of the center | |||
channel | |||
Formula for | 2D_{0} ^{(4)}(γ_{n}(λ_{0 }+ 2Nλ_{ch}) + Nδ_{n}) × | 2D_{0} ^{(4)}(γ_{p}(λ_{0 }+ 2Nλ_{ch}) + Nδ_{p}) × | |
slope s at Nth | (δ_{n}/λ_{ch }+ γ_{n}) | (δ_{p}/λ_{ch }+ γ_{p}) | |
channel from | |||
band center | |||
The above description uses nonlinearly-chirped fiber Bragg gratings as examples for implementing tunable fiber Bragg gratings capable of producing tunable nonlinear group delays. Other types of fiber Bragg gratings may also be used to form a desired grating pair. For example, a non-chirped fiber grating with a grating parameter n_{eff}(z)Λ(z) that is independent of position z along the fiber may be designed to have a spatial-varying grating strength or phase shift to produce a nonlinear group delay with the D^{(3) }term only. Feced et al. disclose such a dispersion-compensating fiber Bragg grating without chirping in which D_{0} ^{(3)}≠0 and D_{0} ^{(2)}=0 in “An Efficient Inverse Scattering Algorithm for the Design of Nonuniform Fiber Bragg Gratings,” IEEE Journal of Quantum Electronics, Vol. 35, No. 8, pp. 1105-1115 (August 1999). Feced et al show in
In the various grating pairs discussed in this application, the two gratings capable of producing nonlinear group delays may be of the same type, e.g., both are nonlinearly-chirped gratings or non-chirped gratings. In addition, the two gratings may be different types in that one grating may be a nonlinearly-chirped fiber Bragg grating while the other may be a non-chirped fiber Bragg grating. For example, when two different types of gratings are combined in a pair to produce a tunable total induced dispersion independent of wavelength as shown in
As described above, a fiber Bragg grating operable to produce a nonlinear group delay, either chirped or not, may be configured as a tunable grating by uniformly changing the length of the underlying fiber. This uniform change in the fiber length causes a shift in the center wavelength of each Bragg reflection band and hence the frequency detuning of an input optical signal relative to the center wavelength. Hence, the group delay can be tuned. A grating control device may be engaged to the fiber grating to change the fiber length for this tuning operation. A mechanical fiber stretcher, for example, may be used to apply a uniform stretch or compression to tune the nonlinear group delay. In addition, a thermal device may be used to uniformly control the temperature of the fiber grating to effectuate the tuning operation by changing both the length and the refractive index of the fiber grating.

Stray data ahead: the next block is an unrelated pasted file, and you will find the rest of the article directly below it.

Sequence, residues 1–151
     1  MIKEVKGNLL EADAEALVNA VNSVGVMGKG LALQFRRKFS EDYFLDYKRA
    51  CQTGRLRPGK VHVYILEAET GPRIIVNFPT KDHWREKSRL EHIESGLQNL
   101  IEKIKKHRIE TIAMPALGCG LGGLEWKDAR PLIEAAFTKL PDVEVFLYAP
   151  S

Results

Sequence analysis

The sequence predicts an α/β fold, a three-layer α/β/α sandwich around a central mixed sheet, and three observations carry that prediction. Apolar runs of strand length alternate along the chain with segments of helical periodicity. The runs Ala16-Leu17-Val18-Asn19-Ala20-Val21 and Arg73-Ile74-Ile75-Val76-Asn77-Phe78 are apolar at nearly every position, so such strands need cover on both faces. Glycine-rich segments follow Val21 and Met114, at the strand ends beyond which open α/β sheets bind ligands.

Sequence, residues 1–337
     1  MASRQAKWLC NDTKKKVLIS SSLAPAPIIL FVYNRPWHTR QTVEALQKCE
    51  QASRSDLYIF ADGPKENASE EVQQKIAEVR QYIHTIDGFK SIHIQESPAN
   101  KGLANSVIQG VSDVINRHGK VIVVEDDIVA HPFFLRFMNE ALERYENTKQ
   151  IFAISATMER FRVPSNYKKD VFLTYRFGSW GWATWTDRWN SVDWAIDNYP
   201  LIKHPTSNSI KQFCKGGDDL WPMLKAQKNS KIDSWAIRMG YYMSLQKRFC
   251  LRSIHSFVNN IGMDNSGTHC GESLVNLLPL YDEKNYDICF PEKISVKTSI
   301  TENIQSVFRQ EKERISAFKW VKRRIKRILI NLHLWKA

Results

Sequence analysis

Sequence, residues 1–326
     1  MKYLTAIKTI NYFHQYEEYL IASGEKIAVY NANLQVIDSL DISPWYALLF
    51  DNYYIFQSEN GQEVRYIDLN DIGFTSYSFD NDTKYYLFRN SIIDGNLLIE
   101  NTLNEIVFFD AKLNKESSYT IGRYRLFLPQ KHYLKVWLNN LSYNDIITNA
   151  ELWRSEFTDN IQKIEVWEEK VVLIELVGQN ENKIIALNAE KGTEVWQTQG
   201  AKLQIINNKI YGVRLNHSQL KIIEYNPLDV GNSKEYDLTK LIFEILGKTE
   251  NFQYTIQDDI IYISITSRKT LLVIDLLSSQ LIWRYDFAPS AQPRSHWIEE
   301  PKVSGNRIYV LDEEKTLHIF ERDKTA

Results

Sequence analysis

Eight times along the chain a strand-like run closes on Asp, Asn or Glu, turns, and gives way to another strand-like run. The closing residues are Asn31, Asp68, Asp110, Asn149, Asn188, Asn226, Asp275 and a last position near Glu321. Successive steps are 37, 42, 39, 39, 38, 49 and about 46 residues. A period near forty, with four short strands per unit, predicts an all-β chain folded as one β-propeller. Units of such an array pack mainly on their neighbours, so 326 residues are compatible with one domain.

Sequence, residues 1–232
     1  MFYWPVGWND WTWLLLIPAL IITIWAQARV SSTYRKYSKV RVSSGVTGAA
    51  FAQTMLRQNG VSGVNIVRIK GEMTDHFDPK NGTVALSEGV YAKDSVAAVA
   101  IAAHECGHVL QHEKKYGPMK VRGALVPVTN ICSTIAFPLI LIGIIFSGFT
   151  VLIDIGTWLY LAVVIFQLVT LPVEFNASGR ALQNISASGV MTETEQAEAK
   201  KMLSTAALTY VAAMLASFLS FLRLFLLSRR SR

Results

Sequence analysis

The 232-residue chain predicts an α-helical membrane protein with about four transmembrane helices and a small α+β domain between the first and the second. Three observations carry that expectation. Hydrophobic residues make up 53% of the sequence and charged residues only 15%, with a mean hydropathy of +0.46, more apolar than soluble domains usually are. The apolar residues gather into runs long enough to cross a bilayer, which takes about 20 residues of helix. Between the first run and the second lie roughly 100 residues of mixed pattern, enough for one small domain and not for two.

In WDM applications, dispersions in different WDM channels received in a fiber may be different and hence should be compensated differently. The above sampled wave-guiding Bragg gratings may be used to generate multiple Bragg reflection bands to respectively reflect the WDM channels. Hence, each Bragg reflection band is used to reflect a single WDM channel. See,
Notably, the dispersion slope based on the fourth-order nonlinear dispersion term D_{0} ^{(4)}(λ_{0}) may be used to compensate for both intra-channel dispersion in which different spectral components within one channel experience different dispersions (in particular, at high bit rates such as 40 Gb/s), and inter-channel dispersion in which different channels travel at different group velocities to experience different dispersions. The following sections first describe one embodiment of a nonlinearly-chirped fiber grating and then one embodiment of a dual fiber grating system based on the above single Bragg reflection band design for multiple WDM channels.
In comparison,
The above fourth-order nonlinearly-chirped grating can be used to compensate for the varying amounts of residual dispersion of each WDM channel in an actual transmission system that is optimized to fully compensate for the dispersion of a selected channel, e.g., the first channel at the shortest wavelength. This device has a simple structure, can be made at low cost, and provides a tunable dispersion slope compensation.